Patients with lower-risk myelodysplastic syndromes (MDS) who are dependent on red blood cell transfusions have limited options, especially if they are no longer responding to erythropoiesis-stimulating agents. Research presented during the virtual edition of the 25th European Hematology Association (EHA) Annual Congress suggested that two novel agents may prove to be beneficial in these patients.
Red blood cell transfusion independence was achieved by the telomerase inhibitor imetelstat in the phase II IMerge trial1 and by the oral hypomethylating agent CC-486 in the phase III QUAZAR study2 of patients with lower-risk MDS. Both studies met their primary endpoints.
Of note, the oral hypomethylating combination cedazuridine plus decitabine, formerly ASTX727, was approved in July 2020 by the U.S. Food and Drug Administration (FDA) for MDS and chronic myelomonocytic leukemia.
Phase II IMerge Trial of Imetelstat
Imetelstat, a first-in-class telomerase inhibitor, led to transfusion independence, often long-lasting, in patients with lower-risk MDS that is refractory to erythropoiesis-stimulating agents, in the phase II IMerge study, reported by Uwe Platzbecker, MD, of the University Clinic Leipzig, Germany.1 “Imetelstat achieved an 8-week transfusion independence rate of 42% for a median duration of 20 months, the longest so far reported with any agent in non-del(5q) low-risk MDS,” Dr. Platzbecker said.
In this population of patients who were red blood cell transfusion–dependent and relapsed or refractory to erythropoiesis-stimulating agents, 29% achieved transfusion independence for more than 1 year. For one patient, transfusion independence stretched beyond 2 and a half years, he said. Furthermore, hematologic improvement (erythroid) was achieved by 68% of patients, lasting a median of 21 months, reported Dr. Platzbecker.
“Imetelstat achieved an 8-week transfusion independence rate of 42%, for a median duration of 20 months, the longest so far reported with any agent in non-del(5q) low-risk MDS.”— Uwe Platzbecker, MD
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Imetelstat targets cells with short telomeres and active telomerase, characteristics observed in MDS across all disease stages. It was evaluated in the global phase II/III IMerge study in patients with transfusion-dependent low-risk MDS who were relapsing on or refractory to erythropoiesis-stimulating agents. Patients received imetelstat at 7.5 mg/kg intravenously every 4 weeks.
IMerge: Patient Population
Dr. Platzbecker reported results from the open-label, single-arm phase II portion of IMerge, which included 38 patients with low-risk MDS who had non-del(5q) disease. All were naive to lenalidomide and hypomethylating agents. His presentation focused on long-term efficacy and safety and an analysis of biomarkers.
Long-term efficacy outcomes were red blood cell transfusion independence for at least 8 weeks, at least 24 weeks, and at least 1 year; the longest and cumulative duration of at least 8-week independence; duration of hematologic improvement (erythroid); and major/minor response per updated International Working Group (IWG) 2018 guidelines.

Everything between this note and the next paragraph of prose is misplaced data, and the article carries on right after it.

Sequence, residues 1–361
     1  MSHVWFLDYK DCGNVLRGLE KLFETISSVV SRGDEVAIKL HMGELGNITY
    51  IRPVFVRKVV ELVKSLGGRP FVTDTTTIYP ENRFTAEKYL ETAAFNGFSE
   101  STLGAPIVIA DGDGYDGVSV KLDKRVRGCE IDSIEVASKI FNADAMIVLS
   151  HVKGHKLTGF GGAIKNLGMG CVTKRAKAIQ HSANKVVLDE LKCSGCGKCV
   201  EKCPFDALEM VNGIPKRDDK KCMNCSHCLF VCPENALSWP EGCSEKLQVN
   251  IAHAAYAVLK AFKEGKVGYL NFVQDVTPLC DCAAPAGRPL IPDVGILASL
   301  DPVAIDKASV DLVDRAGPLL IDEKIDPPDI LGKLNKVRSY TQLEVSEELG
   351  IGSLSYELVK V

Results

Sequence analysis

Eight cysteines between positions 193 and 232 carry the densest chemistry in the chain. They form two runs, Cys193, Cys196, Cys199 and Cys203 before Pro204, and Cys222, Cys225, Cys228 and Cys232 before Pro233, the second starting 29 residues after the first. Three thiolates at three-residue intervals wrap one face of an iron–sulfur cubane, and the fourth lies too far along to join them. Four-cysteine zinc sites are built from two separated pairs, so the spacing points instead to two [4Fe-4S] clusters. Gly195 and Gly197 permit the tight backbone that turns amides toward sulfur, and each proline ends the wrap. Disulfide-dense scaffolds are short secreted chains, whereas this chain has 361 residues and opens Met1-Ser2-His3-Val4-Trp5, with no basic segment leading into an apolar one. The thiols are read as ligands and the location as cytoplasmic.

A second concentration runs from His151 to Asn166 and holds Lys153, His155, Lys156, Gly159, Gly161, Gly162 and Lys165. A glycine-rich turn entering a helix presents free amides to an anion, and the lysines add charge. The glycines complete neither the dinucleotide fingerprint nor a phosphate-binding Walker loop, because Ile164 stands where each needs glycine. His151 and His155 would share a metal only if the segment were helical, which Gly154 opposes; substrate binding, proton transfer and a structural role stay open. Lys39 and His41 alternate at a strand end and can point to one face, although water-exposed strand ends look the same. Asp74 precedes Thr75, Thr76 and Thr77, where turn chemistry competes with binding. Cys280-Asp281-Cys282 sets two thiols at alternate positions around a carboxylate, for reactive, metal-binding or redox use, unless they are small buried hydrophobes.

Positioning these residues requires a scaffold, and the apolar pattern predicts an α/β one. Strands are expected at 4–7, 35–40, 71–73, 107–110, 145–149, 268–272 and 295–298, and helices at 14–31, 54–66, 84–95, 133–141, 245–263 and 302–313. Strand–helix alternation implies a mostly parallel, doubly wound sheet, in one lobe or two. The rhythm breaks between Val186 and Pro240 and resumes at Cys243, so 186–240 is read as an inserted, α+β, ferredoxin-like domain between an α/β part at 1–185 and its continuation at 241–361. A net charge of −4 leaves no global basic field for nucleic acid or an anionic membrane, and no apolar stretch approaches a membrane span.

All patients had a high transfusion burden (≥ 8 U of red blood cells per 16 weeks and ≥ 4 U per 8 weeks). In addition, 84% had ≥ 6 U per 8 weeks; 89% had received prior erythropoiesis-stimulating agents; 32% had an erythropoietin level higher than 500 U/L; and 71% had ringed sideroblasts.
IMerge: Transfusion Independence Achieved by 42%
“The key findings were the high rates of transfusion independence and hematologic improvement (erythroid) in a patient population that was relapsed or refractory to erythropoiesis-stimulating agents and had a high transfusion burden. These responses were durable,” Dr. Platzbecker reported.
Across all MDS subgroups, the benefit of imetelstat treatment was observed. This included patients with mutations associated with a poor prognosis. At a median follow-up of 24 months, 16 of 38 patients (42%) achieved transfusion independence for at least 8 weeks, and 12 had a hemoglobin rise over baseline of at least 3 g/dL during the transfusion-free interval (Table 1).
Furthermore, 12 patients (32%) achieved at least 24-week transfusion independence, and 11 patients (29%) whose median transfusion burden was 6 U per 8 weeks were transfusion-free for at least 1 year. The median duration of transfusion independence was 20 months, the longest being 2.7 years. Hematologic improvement (erythroid) was achieved by 26 patients (68%), with a median duration of 21 months.
The most frequently reported adverse events were grade ≥ 3 cytopenias, a known side effect of imetelstat. These events were manageable and reversible, and “the vast majority did not influence the study procedure,” Dr. Platzbecker said.
IMerge: Translational Research Shows Disease-Modifying Activity
Cytogenetic and mutational malignant clone reduction in some patients indicated the disease-modifying activity of imetelstat. Post-dosing on-target imetelstat activity was demonstrated by a reduction in telomerase activity of at least 50% in 23.1% of patients and of human telomerase reverse transcriptase RNA level in 54.3%. A correlation was shown between inhibition of the telomerase target with imetelstat and clinical benefit (ie, transfusion independence).
Enrollment is ongoing in the placebo-controlled phase III portion of IMerge, which will evaluate efficacy and safety of the drug as well as potential biomarkers of response.
Phase III QUAZAR Lower-Risk MDS Trial: Oral CC-486